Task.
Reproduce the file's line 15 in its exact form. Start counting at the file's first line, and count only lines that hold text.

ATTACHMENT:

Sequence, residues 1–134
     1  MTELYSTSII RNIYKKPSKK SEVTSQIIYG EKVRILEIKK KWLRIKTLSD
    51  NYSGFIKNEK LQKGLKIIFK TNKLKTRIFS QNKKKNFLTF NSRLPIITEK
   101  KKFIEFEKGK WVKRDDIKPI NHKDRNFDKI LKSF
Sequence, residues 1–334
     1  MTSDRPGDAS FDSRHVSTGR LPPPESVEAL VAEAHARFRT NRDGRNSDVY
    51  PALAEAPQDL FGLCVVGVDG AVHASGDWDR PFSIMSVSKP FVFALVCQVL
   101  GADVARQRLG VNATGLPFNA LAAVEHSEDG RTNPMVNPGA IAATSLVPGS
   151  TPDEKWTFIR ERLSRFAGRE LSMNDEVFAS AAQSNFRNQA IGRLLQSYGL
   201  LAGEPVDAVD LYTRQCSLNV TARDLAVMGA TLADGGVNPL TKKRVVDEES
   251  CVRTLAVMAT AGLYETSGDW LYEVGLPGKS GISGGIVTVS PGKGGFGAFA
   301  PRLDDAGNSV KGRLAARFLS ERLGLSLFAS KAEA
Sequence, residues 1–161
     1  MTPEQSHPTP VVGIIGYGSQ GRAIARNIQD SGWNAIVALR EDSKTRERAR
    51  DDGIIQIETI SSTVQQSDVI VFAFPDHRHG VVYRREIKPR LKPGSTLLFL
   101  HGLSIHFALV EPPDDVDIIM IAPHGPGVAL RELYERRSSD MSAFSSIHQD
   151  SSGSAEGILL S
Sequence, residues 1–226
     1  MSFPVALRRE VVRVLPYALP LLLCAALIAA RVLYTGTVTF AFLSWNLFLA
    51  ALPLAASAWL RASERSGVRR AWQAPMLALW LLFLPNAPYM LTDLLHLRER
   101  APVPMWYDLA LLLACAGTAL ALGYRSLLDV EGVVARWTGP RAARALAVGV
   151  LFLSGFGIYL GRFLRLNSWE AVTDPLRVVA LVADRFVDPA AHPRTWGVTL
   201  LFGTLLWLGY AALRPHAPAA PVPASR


    51  DDGIIQIETI SSTVQQSDVI VFAFPDHRHG VVYRREIKPR LKPGSTLLFL